XAU/USD Daily Chart

Gold's Tumble and the Dollar's Future

The Dollar-Gold Connection

Before we start to see the financial system start to show signs of extreme strain, we will likely see gold pick up much of its trend and pace from the US Dollar. The benchmark currency is the primary pricing metric for the commodity for a practical connection. Between the two, there is a clear contrast in rate speculation reaction but the safe haven connection between the two tends to balance. Yet, there is nuance that makes this equation far more interesting - some would say complicating. The Dollar's own fundamental motivations have been significantly warped with time and circumstance. The Fed's hawkish drive has provided a clear contrast on which to devalue a commodity that provides no yield. What's more, the troubling lack of lift through 2017 despite three Fed hikes makes this currency far more at-risk to a downgrade in rate forecasts than the alternative. Furthermore, the conditions of trade wars make the Dollar uniquely exposed to future waves of risk aversion that follow the systemic path that has reshaped the global forecast.

XAU/USD Daily Chart

Gold's Tumble and the Dollar's Future

Considering Scenarios and Measures

From gold, we can learn some of the critical fundamental qualities unfolding behind the dollar - which in turn can signal whether a market move will last or stall and retreat. That connection can also work in reverse. Yet, it is the relationship between the two and that concerted evaluation of the financial system that presents the most value. Where high level and over-extended risk assets (like equities) retreat while both gold and dollar advance, we are likely dealing with a restrained risk aversion that is an impractical trend to maintain given all that is at stake following years of build up. If we see a full-tilt financial panic, gold itself is unlikely to find a strong bid immediately in response as we saw in 2008 during the Great Financial Crisis. Yet, if that financial crisis comes with an unexpected Dollar drop, the metal will likely play a critical alternative which in turn signals a unique and lasting brand of deleveraging. The most remarkable and fully disruptive situation would be a panic that draws heavy skepticism over the already-extreme level of global monetary policy and the lack of further leverage these groups have left to affect change. That is one of the few scenarios that could reasonably set $2,000 as a viable bullish objective. We focus on the relationship between gold and the dollar as well as what it means for the markets in today's quick take video.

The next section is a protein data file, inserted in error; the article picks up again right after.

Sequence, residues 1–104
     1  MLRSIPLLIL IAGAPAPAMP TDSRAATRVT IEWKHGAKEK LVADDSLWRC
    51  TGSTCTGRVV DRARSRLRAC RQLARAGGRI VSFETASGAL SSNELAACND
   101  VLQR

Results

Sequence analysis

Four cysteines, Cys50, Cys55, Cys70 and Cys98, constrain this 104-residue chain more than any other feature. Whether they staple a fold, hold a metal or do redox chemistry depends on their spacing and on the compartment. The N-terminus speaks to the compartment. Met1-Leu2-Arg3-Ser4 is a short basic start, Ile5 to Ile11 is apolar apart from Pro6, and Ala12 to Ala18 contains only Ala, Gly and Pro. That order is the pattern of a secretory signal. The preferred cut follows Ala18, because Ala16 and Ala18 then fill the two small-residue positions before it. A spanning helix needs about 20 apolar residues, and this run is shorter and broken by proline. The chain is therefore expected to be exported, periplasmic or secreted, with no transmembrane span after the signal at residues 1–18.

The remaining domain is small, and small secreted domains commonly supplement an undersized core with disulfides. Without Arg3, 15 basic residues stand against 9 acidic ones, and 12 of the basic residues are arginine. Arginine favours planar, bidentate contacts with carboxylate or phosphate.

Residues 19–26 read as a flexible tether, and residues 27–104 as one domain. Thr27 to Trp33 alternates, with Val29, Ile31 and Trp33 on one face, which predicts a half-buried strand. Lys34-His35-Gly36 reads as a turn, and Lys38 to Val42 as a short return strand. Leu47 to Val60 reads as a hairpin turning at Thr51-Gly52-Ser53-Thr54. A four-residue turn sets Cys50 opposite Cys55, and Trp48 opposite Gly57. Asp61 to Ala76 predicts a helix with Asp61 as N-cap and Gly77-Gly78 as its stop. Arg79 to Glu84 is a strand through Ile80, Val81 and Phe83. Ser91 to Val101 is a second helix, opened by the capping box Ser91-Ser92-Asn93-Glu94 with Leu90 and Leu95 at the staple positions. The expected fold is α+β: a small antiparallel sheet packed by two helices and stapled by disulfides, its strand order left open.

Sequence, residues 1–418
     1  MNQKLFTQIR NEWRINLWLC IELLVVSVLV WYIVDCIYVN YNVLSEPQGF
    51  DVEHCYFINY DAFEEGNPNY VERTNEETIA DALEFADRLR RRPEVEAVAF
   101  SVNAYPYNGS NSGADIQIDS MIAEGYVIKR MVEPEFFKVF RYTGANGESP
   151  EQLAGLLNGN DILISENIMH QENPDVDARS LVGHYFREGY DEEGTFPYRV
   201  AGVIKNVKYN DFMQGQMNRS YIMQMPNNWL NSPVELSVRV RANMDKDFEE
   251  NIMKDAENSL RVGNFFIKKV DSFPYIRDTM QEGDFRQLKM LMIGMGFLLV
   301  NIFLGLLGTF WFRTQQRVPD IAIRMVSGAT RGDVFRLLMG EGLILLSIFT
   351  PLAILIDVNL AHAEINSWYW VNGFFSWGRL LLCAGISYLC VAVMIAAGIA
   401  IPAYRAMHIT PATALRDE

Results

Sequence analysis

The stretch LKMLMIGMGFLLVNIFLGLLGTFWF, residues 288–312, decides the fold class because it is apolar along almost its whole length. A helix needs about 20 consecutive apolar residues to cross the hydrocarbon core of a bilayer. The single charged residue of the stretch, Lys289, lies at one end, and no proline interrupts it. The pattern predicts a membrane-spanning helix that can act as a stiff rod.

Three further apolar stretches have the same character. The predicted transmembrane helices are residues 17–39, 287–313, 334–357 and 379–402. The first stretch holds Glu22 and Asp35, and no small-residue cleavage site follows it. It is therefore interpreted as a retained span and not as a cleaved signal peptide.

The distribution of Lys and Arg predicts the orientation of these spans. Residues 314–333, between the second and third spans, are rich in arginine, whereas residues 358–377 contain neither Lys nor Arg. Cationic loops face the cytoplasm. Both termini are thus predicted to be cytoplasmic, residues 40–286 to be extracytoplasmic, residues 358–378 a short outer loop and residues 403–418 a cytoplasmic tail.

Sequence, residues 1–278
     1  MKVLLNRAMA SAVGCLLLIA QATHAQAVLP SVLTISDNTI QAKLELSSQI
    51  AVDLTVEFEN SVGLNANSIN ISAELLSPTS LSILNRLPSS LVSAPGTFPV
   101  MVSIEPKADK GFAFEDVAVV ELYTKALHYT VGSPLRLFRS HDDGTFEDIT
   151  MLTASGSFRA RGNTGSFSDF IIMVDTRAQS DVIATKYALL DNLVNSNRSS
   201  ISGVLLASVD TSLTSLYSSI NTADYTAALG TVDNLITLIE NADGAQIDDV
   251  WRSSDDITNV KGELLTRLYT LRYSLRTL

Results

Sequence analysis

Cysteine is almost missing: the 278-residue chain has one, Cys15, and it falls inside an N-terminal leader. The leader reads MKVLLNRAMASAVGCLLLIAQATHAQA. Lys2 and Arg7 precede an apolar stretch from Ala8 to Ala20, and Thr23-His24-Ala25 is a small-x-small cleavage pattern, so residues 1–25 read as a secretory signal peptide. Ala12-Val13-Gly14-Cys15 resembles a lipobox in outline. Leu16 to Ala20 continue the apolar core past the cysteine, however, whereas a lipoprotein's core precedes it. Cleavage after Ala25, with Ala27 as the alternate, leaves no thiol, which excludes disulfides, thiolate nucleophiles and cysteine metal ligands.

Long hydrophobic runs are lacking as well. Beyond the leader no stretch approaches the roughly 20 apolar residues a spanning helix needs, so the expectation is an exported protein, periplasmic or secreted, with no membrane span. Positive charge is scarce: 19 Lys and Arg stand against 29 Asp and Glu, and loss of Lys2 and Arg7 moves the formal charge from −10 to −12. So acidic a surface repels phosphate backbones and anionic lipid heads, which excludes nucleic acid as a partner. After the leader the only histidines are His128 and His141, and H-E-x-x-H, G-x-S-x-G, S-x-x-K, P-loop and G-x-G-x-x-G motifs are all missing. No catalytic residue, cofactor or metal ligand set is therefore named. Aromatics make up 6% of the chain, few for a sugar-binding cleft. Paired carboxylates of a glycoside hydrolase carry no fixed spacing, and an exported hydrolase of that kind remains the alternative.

XAU/USD Weekly Chart

Gold's Tumble and the Dollar's Future

If you would like to download the 'Manic-Crisis Calendar' I refer to regularly in my videos and webinars, you can find it here.

--- Written by John Kicklighter, Chief Currency Strategist for

To contact John, use the comments section below or @johnkicklighter on Twitter

DailyFX provides forex news and technical analysis on the trends that influence the global currency markets.